Hamptons Subway Newsletter: Week of December 17–23, 2016

hamptons subway christmas
Christmas on the Hamptons Subway, Photo: liligraphie, Mirko Vitali/123RF

Week of December 17–23, 2016
Riders this past week: 24,318
Rider miles this past week: 123,987

Our spotters were unable to locate any important people who used the Hamptons Subway this past week.

After nine years of construction, the 2nd Avenue Subway in Manhattan is about to open. Here at the Hamptons Subway, we don’t take so long to do things. For example, last week we completed the addition of an entire new tunnel for the express subway train service between Montauk and Westhampton Beach. Giving this train its own tunnel greatly speeds things up, since until now either the local or the express train had to go onto a siding to let another train pass. No more.

The new express train tunnel was completed in three hours and twelve minutes. Deep trenches were dug down to the Montauk platform and Westhampton Beach platform. Then, in Montauk, our new, 100,000 horsepower tunnel boring machine was lowered, switched on, turned 90 degrees so its muzzle would be facing Westhampton Beach, then fired off. With a thunderous roar that shook the earth, the booster rocket ignited and sent it rumbling off in high-speed corkscrew fashion under the earth beneath Amagansett and East Hampton, then farther on. Just three hours and change later, the subway boring machine, making this terrible racket, came to a halt underground, though 50 yards to the north of the Westhampton Beach platform. Subway riders can now walk along a narrow underground boardwalk path from the main platform to a small auxiliary platform for the express train. The aim for the boring machine was slightly off. But no matter. People will enjoy the billboard advertising between the two platforms, just as soon as we get the lighting in this walkway tunnel installed.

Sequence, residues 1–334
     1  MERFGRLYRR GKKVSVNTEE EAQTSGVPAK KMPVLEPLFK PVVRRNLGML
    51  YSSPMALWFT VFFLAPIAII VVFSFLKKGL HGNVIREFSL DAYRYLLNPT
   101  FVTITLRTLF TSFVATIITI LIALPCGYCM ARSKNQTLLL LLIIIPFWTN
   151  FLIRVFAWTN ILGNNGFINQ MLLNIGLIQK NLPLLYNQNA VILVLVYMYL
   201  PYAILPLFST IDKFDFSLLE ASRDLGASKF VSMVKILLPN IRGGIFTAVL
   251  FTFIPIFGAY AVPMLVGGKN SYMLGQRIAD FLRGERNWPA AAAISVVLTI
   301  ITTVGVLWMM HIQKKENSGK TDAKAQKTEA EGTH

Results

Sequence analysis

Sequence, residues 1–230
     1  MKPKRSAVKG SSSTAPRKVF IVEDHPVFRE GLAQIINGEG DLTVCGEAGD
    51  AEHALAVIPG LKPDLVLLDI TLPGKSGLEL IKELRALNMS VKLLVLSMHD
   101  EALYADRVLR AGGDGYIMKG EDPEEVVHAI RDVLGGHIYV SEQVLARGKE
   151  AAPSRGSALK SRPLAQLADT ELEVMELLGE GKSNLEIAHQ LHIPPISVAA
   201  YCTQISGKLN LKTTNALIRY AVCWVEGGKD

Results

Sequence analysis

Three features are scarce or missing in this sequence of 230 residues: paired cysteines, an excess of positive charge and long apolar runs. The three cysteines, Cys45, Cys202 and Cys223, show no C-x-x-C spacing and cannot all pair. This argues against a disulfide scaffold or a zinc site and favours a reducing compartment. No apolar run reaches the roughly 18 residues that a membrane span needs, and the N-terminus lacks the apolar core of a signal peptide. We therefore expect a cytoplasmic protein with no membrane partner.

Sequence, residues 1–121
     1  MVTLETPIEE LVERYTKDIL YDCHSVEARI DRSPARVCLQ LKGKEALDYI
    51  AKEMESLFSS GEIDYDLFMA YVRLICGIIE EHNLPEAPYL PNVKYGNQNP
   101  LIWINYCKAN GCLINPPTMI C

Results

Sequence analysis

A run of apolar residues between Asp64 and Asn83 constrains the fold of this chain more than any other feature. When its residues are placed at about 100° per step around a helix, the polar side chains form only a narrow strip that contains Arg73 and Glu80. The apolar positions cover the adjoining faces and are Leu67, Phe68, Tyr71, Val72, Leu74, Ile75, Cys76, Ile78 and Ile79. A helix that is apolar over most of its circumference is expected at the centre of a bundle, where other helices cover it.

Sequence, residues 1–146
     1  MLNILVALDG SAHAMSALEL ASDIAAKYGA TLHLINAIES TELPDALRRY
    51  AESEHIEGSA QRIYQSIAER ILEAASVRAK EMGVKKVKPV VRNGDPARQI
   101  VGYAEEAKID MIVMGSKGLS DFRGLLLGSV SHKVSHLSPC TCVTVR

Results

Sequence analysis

Many passengers experienced a four-hour delay last Thursday at rush hour when a K Train engine battery cable came loose as it was leaving Hampton Bays. The K Train held up the AA Train behind it, and the AA Train, when started up a half hour later, almost collided with a D Train coming the other way. The D Train was derailed as a result and the Scoot Shuttle between Southampton and Bridgehampton had to stop on a siding with a car full of passengers for the duration of the day when the motorman found that the back end of the Scoot Shuttle was sticking out over the track blocking traffic.

Fortunately, the F Train, which following a route through an alternate universe, arrived at the stations right on time to make up for this.

Last Sunday, the card-issuing machine behind the token booth at our East Hampton Station malfunctioned when someone gave it a little kick. Hundreds of yellow subway cards flew out to scatter across the platform and, as the passengers aboard the Scoot Shuttle were just arriving from the west, several people suffered minor injuries in the stampede which followed.

Most people, we know, gathered up cards because of our misfortune and considered it their lucky day. For you others, who knew what you were doing was wrong, we have to tell you that if the cards you found are not returned by the end of work on Monday, you will be prosecuted to the fullest extent of the law.

I would like to personally apologize to many of our straphangers who were inconvenienced because of the various delays on our system this past week. As I’ve said before and am now saying again—sorry.


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